French students who disliked America (and loved Charles de Gaulle) were once asked to talk about the United States for an hour or two. At the end of the session, conducted as part of experiments in the 1960s, the students disliked America — and loved de Gaulle — even more.
College kids who join a conservative fraternity move to the right during their four years in college. Liberals from Boulder asked to discuss some issues of the day, such as global warming and gay marriage, are more liberal at the end of their discussion than before. Racists brought into a room to discuss race grow more intolerant.
Social psychologists have conducted scores of these "group polarization" experiments since the '60s, and they all come to the same finding: Like-minded people in a group grow more extreme in the way they are like-minded.
Homogeneity creates extremity — or, in the news of the day, a McCain rally.
Republican rallies this past weekend grew heated. The headlines tell the story: " Anger Is Crowd's Overarching Emotion at McCain Rally "; "Panic Attack: Voters Unload at GOP Rallies "; " McCain: Obama Not an Arab, Crowd Boos "; "Supporters Jeer as McCain Calls Obama 'A Decent Person.' "
What's going on? The talk-show talk has been that John McCain and Sarah Palin incite this kind of behavior. They certainly haven't helped, but blaming the candidates misses what's happening, and why.
Social scientists have proposed several reasons for why like-minded groups tend to polarize. Two have survived scrutiny. The first is that homogenous groups are privy to a large pool of ideas and arguments supporting the group's dominant position. Everybody hears the arguments in favor of the group's belief, and as they're discussed, people grow stouter in their beliefs.
The second reason like-minded groups polarize has more to do with how we see ourselves. We are constantly comparing our beliefs and opinions to those of the group. There are advantages to being slightly more extreme than the group average. It's a way to stand out, to ensure others will see us as righteous group members.
"It's an image-maintenance kind of thing," explained social psychologist Robert Baron. Everybody wants to be a member in good standing, and though it sounds counterintuitive, the safest way to conform is to be slightly more extreme than the average of the group.
"One way to make sure you aren't mistaken for one of those 'other people' is to be slightly ahead of the pack in terms of your Republican-ness," Baron said. "It's hard to be a moderate Republican or a moderate Democrat, in other words, because you're afraid that other people will call you whatever. In racial terms, you'd be called an Oreo if you were black." At a John McCain rally, if you say Barack Obama is a "decent family man," you are booed ... even if you're John McCain.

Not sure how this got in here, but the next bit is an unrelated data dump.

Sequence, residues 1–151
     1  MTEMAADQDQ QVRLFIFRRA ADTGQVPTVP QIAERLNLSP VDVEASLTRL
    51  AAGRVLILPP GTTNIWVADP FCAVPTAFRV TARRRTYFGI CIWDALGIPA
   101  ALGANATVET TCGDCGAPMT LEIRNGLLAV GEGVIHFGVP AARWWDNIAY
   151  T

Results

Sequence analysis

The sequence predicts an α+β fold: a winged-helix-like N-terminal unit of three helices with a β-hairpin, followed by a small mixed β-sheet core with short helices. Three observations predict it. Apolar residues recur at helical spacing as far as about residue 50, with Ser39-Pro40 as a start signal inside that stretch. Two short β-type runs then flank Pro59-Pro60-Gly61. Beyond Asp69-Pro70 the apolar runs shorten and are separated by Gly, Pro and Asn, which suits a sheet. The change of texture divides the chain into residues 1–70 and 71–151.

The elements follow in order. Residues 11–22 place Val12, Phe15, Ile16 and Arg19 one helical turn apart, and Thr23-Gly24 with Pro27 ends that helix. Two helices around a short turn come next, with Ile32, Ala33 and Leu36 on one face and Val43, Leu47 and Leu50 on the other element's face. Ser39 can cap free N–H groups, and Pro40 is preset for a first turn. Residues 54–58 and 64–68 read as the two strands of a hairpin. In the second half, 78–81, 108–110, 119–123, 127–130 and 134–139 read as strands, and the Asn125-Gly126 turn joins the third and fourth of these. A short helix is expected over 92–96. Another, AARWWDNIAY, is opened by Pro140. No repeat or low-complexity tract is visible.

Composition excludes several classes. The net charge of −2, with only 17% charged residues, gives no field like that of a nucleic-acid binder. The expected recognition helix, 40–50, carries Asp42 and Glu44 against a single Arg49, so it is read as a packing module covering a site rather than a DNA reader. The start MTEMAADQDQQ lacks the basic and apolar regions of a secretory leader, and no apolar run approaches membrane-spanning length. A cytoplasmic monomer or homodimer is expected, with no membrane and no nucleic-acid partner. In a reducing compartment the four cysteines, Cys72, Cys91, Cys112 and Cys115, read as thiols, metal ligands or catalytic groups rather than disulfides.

This is social psychology as old as the Bible. Recalling his days as a devout Jew, before his conversion to Christianity, Paul said, "Beyond measure I persecuted the church of God, and wasted it." Paul realized that his extremity paid dividends, that he "profited in the Jews' religion above many of my equals in mine own nation, being more exceedingly zealous of the traditions of my fathers." (Galatians 1:13-14)
Or, as Holly Golightly put it in Breakfast at Tiffany's , "It's useful being top banana in the shock department."
Experiments confirmed Paul's and Golightly's conclusions. "An extreme communicator on one's side of an issue tends to be perceived as more sincere and competent than a moderate," social psychologist David Myers wrote. Hello, talk radio.
Those at the McCain or Palin rallies who talk about "hooligans" and "treason," who call Barack Obama a "terrorist," "bum," or "socialist," aren't simply responding to speeches from the candidates. They are acting as members of a like-minded group exactly as social psychologists would predict, which is a less-than-comforting thought.
In his textbook on social psychology, David Myers writes, "Terrorism does not erupt suddenly. Rather, it arises among people whose shared grievances bring them together. As they interact in isolation from moderating influences, they become progressively more extreme. The social amplifier brings the signal in stronger. The result is violent acts that the individuals, apart from the group, would never have committed."
It's not just groups on the right that polarize, nor are Republicans the only people to gather in like-minded groups. For the past 30 years, Americans have been sorting themselves into politically like-minded neighborhoods, churches, and clubs. Matching like with like has been often been entirely intentional. Ministers have been taught to attract new members according to the "homogenous unit principle" of church growth. (One book in the church growth literature is titled Our Kind of People .) Subdivisions have designed for certain cultural types — a Christian school in one section, a Montessori school in another.
The antidote to group polarization is mixed company. Cass Sunstein and David Schkade reviewed the rulings from three panels from the U.S. Court of Appeals. They found that when the panels consisted of all Republican or all Democratic appointees, the rulings were more extreme than when the panels had members of both parties. Mixed panels produced more moderate judgments.
The lesson is pretty clear. Mixed company moderates; like-minded company polarizes. Heterogeneous communities restrain individual excesses. Homogeneous communities march toward the extremes.
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